Rarely does a band truly understand the inextricable relationship between sound and image—both visual and overall perception. When a band selects a name, they are permanently shaping the way an audience will first interact with them, even before the audience hears the music. Think, for instance, how many people must have reached the conclusion the Goo Goo Dolls are sappy rubbish before hearing the proof. The same holds true for album covers, which, when carefully selected, should give the listener an idea of the overall tone of the album. More importantly, a great album cover intrigues the viewer, thus arousing interest in the band. Name and image, indeed, are crucial to a band’s aura, and bands like the Smiths realized that the two could be used to create a mystique that shapes a career.
Hotel Lights, the band of former Ben Folds Five drummer Darren Jessee, know how to combine sound and image. Their debut album features a light blue cover with a picture of a hotel room window; outside the window is a neon sign, so faded it almost blends into the dreary autumnal sky. Overall, the cover feels both lonesome and nostalgic, much like a person on a solitary road trip trying to simultaneously escape and come to terms with the past. Then there’s the band’s name, which also evokes feelings of solitude and reveals the impossibility of hiding from oneself. Speaking of his band’s name, Darren Jesse said, “When you see hotel lights in the distance, you feel like, ‘Yeah, I’m almost there.’ But when you stand in the bathroom and turn on the hotel lights… you see every scar.” Damn, that’s poetic.
And poetic this album is, both musically and lyrically. Overall, the songs are spare and spacious. Most of the tracks feature basic instrumentation—acoustic guitar, drums, keyboards—and the music is open to give the lyrics room to breathe. “You Come and I Go” begins with the sound of howling wind, then a slow acoustic strum is introduced, then Jessee’s soft, fragile voice. Simple and uncluttered, it’s a study in songwriting; more is not always better, and a memorable melody can do more for a song than layers of noise. Many of the songs, such as “Small Town Shit”, are crafted in the same mold; built upon a slow chord progression and featuring flourishes of fills and leads that provide variation and enhance the mood of the work.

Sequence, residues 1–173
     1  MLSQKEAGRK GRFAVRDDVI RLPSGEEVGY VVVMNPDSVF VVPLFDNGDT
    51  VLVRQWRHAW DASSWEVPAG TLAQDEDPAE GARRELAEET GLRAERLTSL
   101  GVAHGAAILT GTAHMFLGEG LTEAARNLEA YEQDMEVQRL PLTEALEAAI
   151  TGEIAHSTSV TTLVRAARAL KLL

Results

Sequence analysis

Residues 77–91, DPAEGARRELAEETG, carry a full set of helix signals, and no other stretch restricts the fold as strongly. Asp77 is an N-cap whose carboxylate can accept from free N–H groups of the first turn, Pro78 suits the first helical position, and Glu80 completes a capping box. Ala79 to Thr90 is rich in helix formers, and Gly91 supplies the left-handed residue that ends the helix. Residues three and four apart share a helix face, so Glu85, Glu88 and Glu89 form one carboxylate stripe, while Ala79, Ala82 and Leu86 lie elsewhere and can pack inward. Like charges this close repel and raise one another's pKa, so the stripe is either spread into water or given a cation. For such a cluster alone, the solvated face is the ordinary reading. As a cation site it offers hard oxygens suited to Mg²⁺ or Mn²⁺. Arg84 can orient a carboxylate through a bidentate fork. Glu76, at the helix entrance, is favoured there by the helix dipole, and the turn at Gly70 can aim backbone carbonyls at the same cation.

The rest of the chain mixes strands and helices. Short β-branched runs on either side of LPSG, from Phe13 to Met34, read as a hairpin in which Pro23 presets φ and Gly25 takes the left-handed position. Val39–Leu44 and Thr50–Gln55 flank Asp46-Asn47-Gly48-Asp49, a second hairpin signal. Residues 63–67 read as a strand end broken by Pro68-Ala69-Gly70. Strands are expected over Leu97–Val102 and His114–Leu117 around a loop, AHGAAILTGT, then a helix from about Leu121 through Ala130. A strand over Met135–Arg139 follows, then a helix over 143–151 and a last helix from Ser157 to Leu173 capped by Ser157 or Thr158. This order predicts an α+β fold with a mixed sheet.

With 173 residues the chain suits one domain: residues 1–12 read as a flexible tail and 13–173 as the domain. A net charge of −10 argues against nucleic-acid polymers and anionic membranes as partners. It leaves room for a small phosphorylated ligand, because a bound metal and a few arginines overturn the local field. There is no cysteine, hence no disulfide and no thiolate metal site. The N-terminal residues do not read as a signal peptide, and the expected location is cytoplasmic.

Not all of the tracks, however, are slow burners. “I Am a Train”, for instance, is classic sunny pop, featuring a steady, propulsive beat and a catchy refrain of “It’s alright, it’s alright, it’s alright, it’s alright… Come on, come on, come on, come on”. Infectious and durable, it sounds like a song Wilco would make if they didn’t take themselves so seriously. “Marvelous Truth” is another up-tempo song, this one showing the band’s diversity. Beginning with surf keyboards, it’s markedly different from the other tracks, but still displays the band’s penchant for melody and rhythm.
Even when he’s upbeat, though, Jessee can’t help but sound pensive and literate. His voice, delicate and restrained, is perfectly suited to both the music and lyrics, particularly when the latter veers towards the poetic—which is often. By connecting emotions to everyday places and objects, Jessee is able to convey complex feelings in simple language. “Stumbling Home Winter Blues”, for example, perfectly captures the isolation of heartbreak in mid-winter: “Goodbye, street light, good night / I’m sure that I’ll be fine / I called from a payphone / You were still sleeping / Daylight is breaking / My head is spinning…” Not only are these words gorgeous, they also display Jessee’s lyrical wisdom; lesser lyricists would have rhymed “night” with “alright” and “breaking” with “aching”. By avoiding the obvious rhymes, Jessee maintains the poignancy of the lyrics, and adds yet another small detail of craftsmanship to an album full of such artistic care.
Hotel Lights requires time to truly appreciate. While many of the songs are instantly catchy, others are so nuanced it takes repeated listens to hear the layers of instrumentation and realize the craftsmanship of the songs. Yet while the majority of the tracks here are wonderfully understated and wistful, others are so light they dissolve and drift away like random memories. This is forgivable; after all, the songs are about random memories that drift away, so it’s understandable if a few of the songs are so airy they lack direction. Ultimately, this is a solid debut by a band wise enough to know that the musical experience extends beyond the actual songs. Like the view outside the window on the album’s cover, these songs capture the possibility that something beautiful might be waiting just beyond the loneliness.
// Notes from the Road
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